In addition to homeowners needing foreclosure help, my firm sees too many people forced to enter a Chapter 13 or Chapter 7 bankruptcy process because they are unable to deal with a mountain of medical bills. There are especially heartbreaking cases in which people have become unemployed because of catastrophic injuries they suffered that have left them unable to work again. Sadly, caps on damages for victims of corporate negligence leaves many families with no economic recourse.
While DC does not have any such damage caps (yet), the American Medical Association (AMA) says the limit on non-economic damages in Maryland was frozen at $650,000 until 2009 after which the cap will increase by $15,000 per year. In wrongful death actions involving two or more claimants or beneficiaries, the AMA reported the total cap on non-economic damages is 125 percent of the cap.
We have all been told that the caps on damages involved in tort reform efforts are needed because “frivolous lawsuits” are “clogging the courts,” but the consequences only add to the suffering of real victims. Furthermore, my colleagues at the Indiana personal injury firm Doehrman Buba noted in a blog post about tort reform last month, “By taking damage awards out of the capable hands of the justice system and jury, everyone’s constitutional rights are at risk.”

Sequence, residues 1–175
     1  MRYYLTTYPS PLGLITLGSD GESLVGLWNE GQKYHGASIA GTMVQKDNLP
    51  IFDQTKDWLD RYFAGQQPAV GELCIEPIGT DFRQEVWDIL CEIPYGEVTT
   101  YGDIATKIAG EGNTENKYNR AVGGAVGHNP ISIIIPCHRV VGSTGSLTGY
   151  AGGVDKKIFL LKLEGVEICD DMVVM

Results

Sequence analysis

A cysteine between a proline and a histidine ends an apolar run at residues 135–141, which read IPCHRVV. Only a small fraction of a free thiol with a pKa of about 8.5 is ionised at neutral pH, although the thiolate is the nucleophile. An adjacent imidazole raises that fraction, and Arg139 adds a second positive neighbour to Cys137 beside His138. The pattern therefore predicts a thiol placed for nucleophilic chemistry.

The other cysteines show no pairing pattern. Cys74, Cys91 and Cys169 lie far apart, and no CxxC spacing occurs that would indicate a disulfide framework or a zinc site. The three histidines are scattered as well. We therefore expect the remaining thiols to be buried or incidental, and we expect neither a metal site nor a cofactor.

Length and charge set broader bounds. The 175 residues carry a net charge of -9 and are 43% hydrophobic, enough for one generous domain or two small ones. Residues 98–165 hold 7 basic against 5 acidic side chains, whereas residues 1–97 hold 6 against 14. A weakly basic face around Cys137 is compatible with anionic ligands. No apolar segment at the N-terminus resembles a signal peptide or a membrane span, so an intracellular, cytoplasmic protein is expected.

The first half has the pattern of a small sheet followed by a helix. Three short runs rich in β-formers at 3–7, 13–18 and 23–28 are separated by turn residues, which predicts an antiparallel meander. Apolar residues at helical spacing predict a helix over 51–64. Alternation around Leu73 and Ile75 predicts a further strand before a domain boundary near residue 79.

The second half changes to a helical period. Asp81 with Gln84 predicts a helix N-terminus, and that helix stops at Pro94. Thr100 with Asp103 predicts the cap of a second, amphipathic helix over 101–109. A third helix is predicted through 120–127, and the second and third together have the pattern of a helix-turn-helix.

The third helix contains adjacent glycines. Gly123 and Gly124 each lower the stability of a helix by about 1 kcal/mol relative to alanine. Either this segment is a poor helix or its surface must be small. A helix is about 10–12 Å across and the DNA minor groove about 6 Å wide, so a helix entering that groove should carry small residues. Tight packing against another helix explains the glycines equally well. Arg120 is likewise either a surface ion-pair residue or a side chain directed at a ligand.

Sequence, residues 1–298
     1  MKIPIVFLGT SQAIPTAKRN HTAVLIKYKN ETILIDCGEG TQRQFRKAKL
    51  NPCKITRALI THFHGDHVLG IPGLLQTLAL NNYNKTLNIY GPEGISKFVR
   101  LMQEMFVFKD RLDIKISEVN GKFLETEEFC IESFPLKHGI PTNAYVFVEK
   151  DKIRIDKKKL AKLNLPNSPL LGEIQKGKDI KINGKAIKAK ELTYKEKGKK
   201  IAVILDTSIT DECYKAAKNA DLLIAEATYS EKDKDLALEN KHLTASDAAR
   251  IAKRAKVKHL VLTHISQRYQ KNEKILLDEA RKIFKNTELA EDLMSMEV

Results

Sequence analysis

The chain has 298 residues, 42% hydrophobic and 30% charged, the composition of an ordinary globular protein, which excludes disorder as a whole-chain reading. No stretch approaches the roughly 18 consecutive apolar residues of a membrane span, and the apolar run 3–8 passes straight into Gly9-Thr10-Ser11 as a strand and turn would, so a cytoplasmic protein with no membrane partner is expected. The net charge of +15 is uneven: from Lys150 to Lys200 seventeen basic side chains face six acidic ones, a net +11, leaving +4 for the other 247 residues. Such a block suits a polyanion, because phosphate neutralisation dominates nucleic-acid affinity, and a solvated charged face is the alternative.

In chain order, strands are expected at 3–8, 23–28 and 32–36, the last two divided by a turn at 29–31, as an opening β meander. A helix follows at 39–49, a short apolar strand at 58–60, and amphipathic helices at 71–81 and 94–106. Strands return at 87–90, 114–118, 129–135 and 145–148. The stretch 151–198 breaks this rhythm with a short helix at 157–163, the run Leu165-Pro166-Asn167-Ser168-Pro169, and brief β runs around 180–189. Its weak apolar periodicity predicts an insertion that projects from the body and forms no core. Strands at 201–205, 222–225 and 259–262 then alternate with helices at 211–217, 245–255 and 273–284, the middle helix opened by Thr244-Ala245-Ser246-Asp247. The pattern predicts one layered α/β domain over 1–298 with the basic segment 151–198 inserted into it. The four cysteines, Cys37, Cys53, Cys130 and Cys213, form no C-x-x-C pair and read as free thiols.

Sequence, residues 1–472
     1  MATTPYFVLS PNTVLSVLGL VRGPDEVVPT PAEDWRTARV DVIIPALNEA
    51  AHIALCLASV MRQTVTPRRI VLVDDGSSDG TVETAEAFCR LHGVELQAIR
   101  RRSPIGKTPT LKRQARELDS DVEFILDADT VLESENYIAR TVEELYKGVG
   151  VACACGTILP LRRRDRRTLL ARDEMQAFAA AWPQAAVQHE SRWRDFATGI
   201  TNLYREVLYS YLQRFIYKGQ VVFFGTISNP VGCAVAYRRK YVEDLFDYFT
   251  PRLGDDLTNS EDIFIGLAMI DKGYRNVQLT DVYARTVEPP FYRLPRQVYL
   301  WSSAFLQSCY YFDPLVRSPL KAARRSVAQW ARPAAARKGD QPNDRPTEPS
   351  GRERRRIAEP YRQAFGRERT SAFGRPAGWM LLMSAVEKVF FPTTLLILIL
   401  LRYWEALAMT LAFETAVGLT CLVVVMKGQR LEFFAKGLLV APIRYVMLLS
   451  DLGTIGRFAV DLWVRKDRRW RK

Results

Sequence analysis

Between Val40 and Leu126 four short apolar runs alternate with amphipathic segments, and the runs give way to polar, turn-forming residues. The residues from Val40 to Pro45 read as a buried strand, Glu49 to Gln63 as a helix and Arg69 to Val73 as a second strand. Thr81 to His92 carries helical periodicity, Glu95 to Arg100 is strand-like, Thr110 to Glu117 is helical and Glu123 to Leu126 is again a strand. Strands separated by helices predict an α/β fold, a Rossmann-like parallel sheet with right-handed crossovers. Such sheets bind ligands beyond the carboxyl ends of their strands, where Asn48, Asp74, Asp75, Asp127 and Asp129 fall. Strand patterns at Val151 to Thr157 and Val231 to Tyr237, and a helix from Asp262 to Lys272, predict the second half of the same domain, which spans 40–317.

Their post was in reference to this interview that political satirist Stephen Colbert did with filmmaker Susan Saladoff regarding her documentary, “Hot Coffee”:
The movie was released on DVD in November, and this week I will address more of the ways in which tort reform and bankruptcy intersect.
Law Firm of Kevin D. Judd – Maryland bankruptcy attorney